Ooskut, the Three Fools is a three-headed heavy flail of exceptional craft long wielded by the shadow demon Shurensha. The legend of its making begins with the tale of a great kingdom whose seat of power was the fabled city of Kaehridan. Its priest-king saw vast resources and wealth pour into the city from every part of the world, but grew weary of court and longed for the glory of conquest.
The king’s advisors, three men and women of great wisdom, counseled him against raising an army. The king, wanting to appear just and similarly wise, publicly agreed. In secret, the priest-king bound a powerful demon to his service.
First the king sent the creature into the mountain kingdom east of Kaehridan, where the richest minerals and gems were pulled from the earth. He hoped the dwarves, notorious for greed and belligerence, would be easily provoked to war. If the dwarves invaded, the king’s advisors would surely approve of a retributive strike. After a week, the demon returned: the iron-hearted dwarves would not be swayed, they remained in their mountain homes.
Second the king sent the demon south to the fertile river delta, to convince the merchant princes that great wealth could be seized in Kaehridan. The priest-king hoped that the merchants would raise an army of mercenaries and send the force north up the river. After two weeks, the demon returned, again with bad news: the merchant princes’ coffers were full and none would risk war with so great a nation as Kaehridan.
Finally, the king sent the demon to the far north, to the wastes where the barbarian tribes dwell. Though there would be little gained but glory from rejoining barbarian aggression, the king lusted after a legacy of strength and power. A full month passed and the demon returned empty handed. The enraged king, thrice thwarted in his attempts to stir conflict, banished the demon back to hell.
That night, brooding on his throne and worrying a scepter in his hands, the king was visited by his three advisors. Each bore a magical chain that surprised the distracted king and, despite his power, quickly bound him in irons. Through loud protests and screams, the advisors drew daggers and repeatedly plunged them into their former ruler.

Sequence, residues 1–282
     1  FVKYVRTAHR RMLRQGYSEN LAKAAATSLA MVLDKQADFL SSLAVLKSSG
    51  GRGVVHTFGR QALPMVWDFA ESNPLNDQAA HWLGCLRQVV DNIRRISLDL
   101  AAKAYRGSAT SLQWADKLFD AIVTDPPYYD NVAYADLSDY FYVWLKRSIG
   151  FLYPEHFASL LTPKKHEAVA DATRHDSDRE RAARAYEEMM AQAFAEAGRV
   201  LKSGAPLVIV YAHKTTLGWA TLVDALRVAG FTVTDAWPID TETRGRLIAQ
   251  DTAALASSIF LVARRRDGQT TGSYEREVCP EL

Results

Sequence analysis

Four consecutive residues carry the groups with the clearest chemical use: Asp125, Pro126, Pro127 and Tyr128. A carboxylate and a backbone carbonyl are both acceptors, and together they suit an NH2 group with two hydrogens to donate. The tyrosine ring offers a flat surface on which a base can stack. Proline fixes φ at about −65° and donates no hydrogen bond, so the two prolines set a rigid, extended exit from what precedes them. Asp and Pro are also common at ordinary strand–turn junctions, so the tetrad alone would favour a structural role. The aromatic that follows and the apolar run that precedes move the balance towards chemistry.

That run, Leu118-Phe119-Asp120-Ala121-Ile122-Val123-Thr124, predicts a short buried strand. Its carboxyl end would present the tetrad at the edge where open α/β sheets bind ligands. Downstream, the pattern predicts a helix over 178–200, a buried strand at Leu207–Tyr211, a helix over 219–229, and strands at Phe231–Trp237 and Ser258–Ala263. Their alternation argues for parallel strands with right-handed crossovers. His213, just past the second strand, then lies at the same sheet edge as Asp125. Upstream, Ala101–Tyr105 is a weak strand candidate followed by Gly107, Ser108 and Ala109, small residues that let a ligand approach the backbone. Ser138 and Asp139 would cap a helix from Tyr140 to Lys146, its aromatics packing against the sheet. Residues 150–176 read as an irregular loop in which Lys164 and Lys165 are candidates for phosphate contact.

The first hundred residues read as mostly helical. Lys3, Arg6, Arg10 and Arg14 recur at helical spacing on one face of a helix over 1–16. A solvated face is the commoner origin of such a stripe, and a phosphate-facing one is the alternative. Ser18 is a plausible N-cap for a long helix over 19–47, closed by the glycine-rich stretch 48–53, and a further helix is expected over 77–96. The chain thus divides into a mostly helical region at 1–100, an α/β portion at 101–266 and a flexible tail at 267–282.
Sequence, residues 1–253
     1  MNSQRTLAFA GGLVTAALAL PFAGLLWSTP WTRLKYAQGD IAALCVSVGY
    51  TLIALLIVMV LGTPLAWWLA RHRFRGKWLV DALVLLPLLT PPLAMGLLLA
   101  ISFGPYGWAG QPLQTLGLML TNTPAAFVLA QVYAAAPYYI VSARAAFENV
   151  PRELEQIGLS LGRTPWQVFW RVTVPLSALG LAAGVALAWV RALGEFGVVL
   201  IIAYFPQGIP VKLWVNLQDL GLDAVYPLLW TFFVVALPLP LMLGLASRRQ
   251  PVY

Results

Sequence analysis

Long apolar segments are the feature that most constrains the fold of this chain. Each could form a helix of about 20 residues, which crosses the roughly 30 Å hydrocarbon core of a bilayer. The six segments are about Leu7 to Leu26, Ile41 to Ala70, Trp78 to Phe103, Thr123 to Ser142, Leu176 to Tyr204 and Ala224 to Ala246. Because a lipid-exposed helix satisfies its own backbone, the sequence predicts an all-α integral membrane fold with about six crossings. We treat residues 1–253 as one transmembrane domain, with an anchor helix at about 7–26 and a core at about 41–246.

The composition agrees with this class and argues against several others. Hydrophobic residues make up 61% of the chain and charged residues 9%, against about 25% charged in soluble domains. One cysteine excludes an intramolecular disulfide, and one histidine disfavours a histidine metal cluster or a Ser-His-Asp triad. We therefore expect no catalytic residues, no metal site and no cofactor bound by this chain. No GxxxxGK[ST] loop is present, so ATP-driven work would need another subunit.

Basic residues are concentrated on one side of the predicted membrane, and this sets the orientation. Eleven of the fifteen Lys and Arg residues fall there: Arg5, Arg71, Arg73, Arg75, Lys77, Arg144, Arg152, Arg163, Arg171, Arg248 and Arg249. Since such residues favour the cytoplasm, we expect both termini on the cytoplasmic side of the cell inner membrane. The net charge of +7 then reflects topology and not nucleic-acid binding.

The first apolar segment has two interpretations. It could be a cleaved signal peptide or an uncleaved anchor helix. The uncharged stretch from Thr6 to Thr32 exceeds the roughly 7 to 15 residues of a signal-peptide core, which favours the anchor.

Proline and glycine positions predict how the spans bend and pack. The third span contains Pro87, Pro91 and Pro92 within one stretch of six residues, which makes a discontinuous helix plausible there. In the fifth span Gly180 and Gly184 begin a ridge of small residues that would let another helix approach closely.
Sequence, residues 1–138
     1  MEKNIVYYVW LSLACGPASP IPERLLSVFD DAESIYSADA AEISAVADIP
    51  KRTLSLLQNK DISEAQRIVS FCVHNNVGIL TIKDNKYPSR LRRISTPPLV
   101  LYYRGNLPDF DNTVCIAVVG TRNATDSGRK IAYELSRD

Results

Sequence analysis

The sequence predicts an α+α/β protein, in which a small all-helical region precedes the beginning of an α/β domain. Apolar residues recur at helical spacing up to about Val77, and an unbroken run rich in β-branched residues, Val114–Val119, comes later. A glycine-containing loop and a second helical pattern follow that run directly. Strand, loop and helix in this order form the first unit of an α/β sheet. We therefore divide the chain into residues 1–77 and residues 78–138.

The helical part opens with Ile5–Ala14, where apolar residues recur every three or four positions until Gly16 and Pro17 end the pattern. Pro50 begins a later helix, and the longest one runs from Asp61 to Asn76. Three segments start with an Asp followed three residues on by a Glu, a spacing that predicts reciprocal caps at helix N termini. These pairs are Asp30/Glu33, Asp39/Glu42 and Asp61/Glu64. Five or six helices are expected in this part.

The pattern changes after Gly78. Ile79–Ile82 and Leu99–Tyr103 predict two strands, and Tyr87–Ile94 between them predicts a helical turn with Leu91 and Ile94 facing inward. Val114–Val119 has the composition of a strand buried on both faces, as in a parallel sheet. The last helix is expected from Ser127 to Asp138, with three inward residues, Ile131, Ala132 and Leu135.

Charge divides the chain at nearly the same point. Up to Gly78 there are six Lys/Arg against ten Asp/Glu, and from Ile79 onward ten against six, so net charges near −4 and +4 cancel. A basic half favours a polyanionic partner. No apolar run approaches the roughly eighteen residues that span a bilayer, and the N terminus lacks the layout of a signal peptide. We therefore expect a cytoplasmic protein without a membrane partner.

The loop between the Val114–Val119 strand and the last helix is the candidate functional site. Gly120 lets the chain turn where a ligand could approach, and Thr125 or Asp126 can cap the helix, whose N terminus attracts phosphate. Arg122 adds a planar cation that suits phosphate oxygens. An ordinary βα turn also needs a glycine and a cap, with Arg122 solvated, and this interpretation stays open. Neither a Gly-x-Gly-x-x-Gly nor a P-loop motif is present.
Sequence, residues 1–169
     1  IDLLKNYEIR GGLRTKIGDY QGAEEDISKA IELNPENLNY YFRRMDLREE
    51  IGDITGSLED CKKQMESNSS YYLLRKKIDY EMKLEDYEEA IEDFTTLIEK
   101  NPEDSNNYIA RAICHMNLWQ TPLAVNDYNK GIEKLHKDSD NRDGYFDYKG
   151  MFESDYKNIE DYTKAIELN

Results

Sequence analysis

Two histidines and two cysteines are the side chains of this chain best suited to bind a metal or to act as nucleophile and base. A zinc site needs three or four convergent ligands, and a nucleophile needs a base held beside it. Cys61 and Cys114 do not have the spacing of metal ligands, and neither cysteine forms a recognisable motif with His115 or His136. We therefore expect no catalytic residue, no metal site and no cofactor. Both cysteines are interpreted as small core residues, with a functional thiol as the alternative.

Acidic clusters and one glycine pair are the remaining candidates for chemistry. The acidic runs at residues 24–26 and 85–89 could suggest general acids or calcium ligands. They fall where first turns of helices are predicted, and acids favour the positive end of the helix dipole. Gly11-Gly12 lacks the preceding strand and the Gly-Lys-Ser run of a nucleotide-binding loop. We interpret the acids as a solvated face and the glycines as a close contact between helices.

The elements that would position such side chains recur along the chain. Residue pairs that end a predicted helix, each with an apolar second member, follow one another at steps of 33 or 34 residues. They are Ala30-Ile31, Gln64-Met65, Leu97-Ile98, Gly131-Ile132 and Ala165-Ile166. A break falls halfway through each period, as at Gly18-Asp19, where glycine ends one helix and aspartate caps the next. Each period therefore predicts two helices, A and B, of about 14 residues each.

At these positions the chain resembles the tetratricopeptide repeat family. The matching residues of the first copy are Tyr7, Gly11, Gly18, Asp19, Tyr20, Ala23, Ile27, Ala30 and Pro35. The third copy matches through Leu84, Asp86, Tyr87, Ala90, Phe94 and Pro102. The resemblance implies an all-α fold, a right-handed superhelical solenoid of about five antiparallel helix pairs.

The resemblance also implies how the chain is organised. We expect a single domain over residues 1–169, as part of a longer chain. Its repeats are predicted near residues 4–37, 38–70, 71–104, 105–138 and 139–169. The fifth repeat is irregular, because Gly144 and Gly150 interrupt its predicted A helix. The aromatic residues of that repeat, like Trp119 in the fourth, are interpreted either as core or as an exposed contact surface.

As life faded from the priest-king, a deep shadow swirled into existence before the three advisors. Each made wooden bows to their demonic master, then collapsed as the creature neatly removed their heads. The king uttered a sound of disbelief as his soul slipped into a waiting vessel prepared by the demon. The demon forged Ooskut, the Three Fools from the royal scepter, the binding chains, and the three advisors’ heads. The answer to the king’s final question is engraved along the flail’s haft in an ancient variation of the abyssal tongue: Beg for strife and it shall be delivered.
Power and Abilities
Ooskut, the Three Fools is a +3 heavy flail. Lawful or neutral characters that pick up the flail receive a negative level that cannot be restored while the flail is carried. The weapon drains and stores spell energy every time it strikes a creature with readied or available spells, transferring the energy from the victim to the weapon. Up to three levels of spell energy may be stored in the weapon at once, and it ceases to drain energy from struck creatures while full. As a standard action, the bearer may absorb or discharge any amount of the spell energy from the weapon. If the energy is absorbed into the wielder, it replenishes used spell energy or memorized spell levels equal to the levels of spell energy absorbed. If discharged, the flail produces an energy ray with a range of 60 feet that deals 1d10 cold damage per level of energy discharged on a successful ranged touch attack.
Aura strong evocation and abjuration; CL 15th
Slot none; Price 41,400 gp; Weight 10 lbs.